This wouldn’t have cost either of them anything but what it essentially does is create a feedback loop where a brand’s repertoire of CGI influencers, for example, can continually endorse or shout-out each of the subsidiary campaigns/labels. Imagine: a whole influencer marketing campaign with no real influencers, which entails complete control on the part of the brand and no hefty price tag

5 – All-Roundedness

As mentioned, these influencers are entirely up to your design so you can make them as woke or as tech-savvy or as musically-inclined or as artistic as you like. Or all of the above. This helps a lot with brand image because consumers are more likely to purchase (and re-purchase) from a brand that is socially and self aware. 

For example, the most ‘conscious’ of the lot is Miquela who has collaborated on multiple social causes to date. 

Popular Chips
Popular Chips

From LGBTQ+ issues, climate change, abortion, and spotlighting local heroes, Miquela has covered them all. She also mentions @justiceforyouth in her bio which is a national initiative against the incarceration of youth. The other influencers have generally only collaborated on Pride Month so far, but it is a start.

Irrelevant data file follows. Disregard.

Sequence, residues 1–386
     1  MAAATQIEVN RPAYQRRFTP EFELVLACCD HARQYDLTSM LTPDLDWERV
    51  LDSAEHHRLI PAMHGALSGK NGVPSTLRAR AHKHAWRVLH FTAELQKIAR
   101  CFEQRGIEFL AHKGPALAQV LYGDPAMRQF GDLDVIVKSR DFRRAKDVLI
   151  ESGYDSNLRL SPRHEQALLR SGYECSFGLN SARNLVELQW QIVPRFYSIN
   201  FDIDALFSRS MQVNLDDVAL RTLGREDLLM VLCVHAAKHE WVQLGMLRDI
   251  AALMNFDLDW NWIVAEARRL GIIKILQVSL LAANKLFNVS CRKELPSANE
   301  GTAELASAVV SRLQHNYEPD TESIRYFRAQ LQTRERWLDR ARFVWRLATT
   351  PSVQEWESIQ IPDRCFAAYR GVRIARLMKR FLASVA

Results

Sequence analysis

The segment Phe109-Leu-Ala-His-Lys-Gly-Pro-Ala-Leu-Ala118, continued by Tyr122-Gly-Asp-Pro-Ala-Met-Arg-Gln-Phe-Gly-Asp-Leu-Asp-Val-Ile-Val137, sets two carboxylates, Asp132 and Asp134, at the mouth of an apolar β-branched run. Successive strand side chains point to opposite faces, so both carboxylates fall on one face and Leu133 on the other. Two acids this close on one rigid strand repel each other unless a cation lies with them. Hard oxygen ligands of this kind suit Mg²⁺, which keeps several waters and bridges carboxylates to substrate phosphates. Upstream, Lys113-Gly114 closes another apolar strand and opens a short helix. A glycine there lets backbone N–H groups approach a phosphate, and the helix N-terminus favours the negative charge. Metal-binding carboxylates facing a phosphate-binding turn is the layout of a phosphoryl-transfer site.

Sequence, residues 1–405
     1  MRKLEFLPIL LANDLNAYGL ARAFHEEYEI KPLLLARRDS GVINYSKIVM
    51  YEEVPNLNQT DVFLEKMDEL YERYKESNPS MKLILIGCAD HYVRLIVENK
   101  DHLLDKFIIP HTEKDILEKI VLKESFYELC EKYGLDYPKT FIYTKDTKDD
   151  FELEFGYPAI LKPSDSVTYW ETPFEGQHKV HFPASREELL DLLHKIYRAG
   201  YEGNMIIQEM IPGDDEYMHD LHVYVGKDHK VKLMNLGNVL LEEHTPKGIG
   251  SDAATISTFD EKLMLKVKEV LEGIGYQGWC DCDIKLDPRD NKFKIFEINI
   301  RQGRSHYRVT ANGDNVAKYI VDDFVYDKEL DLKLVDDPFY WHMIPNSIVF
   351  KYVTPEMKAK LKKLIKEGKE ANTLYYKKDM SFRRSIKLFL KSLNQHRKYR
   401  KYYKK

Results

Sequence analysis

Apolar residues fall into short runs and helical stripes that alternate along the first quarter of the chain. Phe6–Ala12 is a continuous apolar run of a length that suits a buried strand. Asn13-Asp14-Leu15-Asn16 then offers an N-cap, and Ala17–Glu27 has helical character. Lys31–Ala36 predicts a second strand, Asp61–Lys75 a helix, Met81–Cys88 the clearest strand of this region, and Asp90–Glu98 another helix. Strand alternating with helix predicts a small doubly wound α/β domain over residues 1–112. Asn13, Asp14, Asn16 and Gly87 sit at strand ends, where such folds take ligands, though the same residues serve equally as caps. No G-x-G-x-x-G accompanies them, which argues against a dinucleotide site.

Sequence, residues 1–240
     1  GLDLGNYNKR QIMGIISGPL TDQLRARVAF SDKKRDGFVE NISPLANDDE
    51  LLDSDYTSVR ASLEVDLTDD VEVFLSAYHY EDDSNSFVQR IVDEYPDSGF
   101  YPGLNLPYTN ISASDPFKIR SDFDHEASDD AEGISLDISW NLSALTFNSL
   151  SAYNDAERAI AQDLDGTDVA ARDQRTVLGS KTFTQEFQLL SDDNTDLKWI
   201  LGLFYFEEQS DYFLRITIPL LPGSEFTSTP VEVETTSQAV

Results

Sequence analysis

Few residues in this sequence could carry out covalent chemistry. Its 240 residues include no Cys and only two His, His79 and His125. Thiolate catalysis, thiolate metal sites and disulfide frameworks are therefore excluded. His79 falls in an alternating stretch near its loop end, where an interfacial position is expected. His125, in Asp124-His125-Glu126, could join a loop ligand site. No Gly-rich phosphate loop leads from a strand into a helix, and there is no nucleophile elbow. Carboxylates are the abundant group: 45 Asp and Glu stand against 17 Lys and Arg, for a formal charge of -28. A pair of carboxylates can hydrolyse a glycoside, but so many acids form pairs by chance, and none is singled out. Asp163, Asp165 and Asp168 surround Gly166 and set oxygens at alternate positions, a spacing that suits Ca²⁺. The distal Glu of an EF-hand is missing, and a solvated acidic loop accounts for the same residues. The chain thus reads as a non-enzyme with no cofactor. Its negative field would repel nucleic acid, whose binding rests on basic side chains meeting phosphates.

Having influencers that do more than just endorse a consumer product really goes a long way for brand image and sales; virtual influencers can be invested in any cause that you please. 

With the number of benefits that come with investing in a virtual influencer, it is no wonder that this trend has penetrated the influencer marketing industry so fiercely. So far the collaborations we have witnessed within these 5 influencers have been short-term, and we are looking forward to a campaign that we might be able to track for better insight. I foresee that this trend is going to grow quite quickly and greatly very soon, so we will check back with updates as they come. 

This is the 2nd in a 2-part series about CGI Influencer Marketing and the uptake of virtual influencers on Instagram. If you missed our 1st article introducing the 5 popular virtual influencers, click here.

Written by Deesha Menon

Influencer Marketing at Popular Chips. Interested in social issues, narratives, books, social media, and machine learning.